Let me share some of this fascination this week. Sorry, there isn’t much management to this topic. However, as much as this space is built on top of hardcore mathematical foundations — I don’t care much about that part. Where it gets interesting is where crypto interacts with people: how they think, what they value, and how they organize.
An excellent example of this is the NFT hype going on right now. So let’s talk about NFTs a bit.
Before we get there though, let’s start with a bit of history, for those that haven’t followed along too closely.
Once upon a time, in 2008 to be precise, there was a mysterious persona with the alias Satoshi Nakamoto who shared a piece of code that he had dubbed “Bitcoin.” It was a peer-to-peer, networked application that through the magic of cryptography could be used as a virtual, decentralized currency: BTC for short. It took off, has seen various surges and crashes, and at the time of writing 1 BTC is trading at close to $50,000.
To send BTC from one person to another, you do not need intermediaries, you don’t need banks or payment providers. It’s fully decentralized, and anybody can participate.
However, money — while an essential part — is only where the interesting applications start.
In 2013 Ethereum was launched. Whereas Bitcoin focused solely on solving the money problem, Ethereum had higher ambitions: to build an Internet-wide, distributed programmable computer.
To program it, you write code in some programming language that compiles to EVM bytecode. This code can then be executed in the Ethereum Virtual Machine. Anybody can submit such a program (called a smart contract) to the Ethereum blockchain, and register it behind an Ethereum account address. Whenever anybody submits a transaction to this address, the code runs, and its state changes are persisted to the blockchain. Miners, validators and a lot of cryptography ensures that everybody agrees on the outcome of this computation and ensures it cannot be tampered with.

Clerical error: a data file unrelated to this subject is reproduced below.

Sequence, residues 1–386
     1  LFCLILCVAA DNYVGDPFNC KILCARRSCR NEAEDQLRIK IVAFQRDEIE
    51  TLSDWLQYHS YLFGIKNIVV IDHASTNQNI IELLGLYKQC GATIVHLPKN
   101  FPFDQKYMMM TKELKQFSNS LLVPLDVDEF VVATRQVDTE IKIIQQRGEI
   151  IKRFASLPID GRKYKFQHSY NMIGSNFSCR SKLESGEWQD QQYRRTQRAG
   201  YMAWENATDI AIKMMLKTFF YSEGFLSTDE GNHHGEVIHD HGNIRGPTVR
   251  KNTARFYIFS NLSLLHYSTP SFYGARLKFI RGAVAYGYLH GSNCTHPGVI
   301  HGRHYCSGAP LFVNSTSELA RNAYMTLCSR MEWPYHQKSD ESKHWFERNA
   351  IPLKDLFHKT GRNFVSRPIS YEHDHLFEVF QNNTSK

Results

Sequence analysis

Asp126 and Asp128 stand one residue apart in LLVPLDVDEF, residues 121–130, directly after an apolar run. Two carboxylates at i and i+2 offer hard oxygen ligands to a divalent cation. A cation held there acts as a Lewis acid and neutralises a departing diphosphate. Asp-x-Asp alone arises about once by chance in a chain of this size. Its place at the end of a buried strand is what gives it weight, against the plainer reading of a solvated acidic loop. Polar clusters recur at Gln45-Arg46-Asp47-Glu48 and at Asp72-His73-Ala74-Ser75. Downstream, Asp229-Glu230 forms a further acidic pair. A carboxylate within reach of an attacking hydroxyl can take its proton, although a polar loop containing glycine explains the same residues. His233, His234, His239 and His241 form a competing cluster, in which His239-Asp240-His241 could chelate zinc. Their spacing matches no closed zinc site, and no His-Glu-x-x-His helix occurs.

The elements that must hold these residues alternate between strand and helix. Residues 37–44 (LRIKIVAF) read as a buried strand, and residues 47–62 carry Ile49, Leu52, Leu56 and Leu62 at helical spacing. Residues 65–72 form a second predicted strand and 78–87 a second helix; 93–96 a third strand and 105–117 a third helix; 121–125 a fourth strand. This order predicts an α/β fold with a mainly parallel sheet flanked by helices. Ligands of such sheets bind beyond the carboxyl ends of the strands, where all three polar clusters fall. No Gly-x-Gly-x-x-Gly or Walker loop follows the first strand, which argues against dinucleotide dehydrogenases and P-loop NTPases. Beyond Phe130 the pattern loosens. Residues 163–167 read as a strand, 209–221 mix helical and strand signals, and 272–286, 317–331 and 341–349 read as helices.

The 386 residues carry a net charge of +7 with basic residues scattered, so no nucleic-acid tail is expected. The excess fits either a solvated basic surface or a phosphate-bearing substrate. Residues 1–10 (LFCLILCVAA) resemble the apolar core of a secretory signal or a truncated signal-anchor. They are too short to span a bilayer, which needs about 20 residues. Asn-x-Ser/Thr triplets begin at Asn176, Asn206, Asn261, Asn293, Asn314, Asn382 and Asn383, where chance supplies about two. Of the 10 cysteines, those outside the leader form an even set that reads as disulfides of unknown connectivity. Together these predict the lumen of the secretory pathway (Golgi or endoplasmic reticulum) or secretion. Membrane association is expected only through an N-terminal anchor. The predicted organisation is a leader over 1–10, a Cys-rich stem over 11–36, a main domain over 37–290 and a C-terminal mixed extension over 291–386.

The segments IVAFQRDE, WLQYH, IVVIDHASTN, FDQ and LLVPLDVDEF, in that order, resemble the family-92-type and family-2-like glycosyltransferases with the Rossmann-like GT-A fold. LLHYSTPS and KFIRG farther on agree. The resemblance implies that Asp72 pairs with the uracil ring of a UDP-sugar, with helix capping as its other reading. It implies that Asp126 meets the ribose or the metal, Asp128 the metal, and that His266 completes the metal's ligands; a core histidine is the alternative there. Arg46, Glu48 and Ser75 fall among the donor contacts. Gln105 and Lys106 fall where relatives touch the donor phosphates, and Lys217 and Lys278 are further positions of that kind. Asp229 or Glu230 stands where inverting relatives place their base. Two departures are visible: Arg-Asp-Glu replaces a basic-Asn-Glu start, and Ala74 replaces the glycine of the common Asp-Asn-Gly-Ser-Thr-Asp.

This isn’t free, however. The originator of a transaction pays for these computations with “gas.” The amount of gas required for a transaction depends on the cost of executing the code, as well as how much data it persists to the blockchain. Gas is one of the use case of the ether currency — the currency of Ethereum. The cost of gas depends on the pressure on the network. The more transactions waiting to be processed, the higher the cost of gas. In the case of Ethereum specifically gas costs are currently a problem, as the entire network can currently only process 30 transactions per second. However, this problem will be alleviated early next year with the go-live of Ethereum 2.0, which will allow scaling to 100,000 transactions per second or more — quite a different ball game. And many other projects exist to work around this problem until then, such as Arbitrum and Polygon.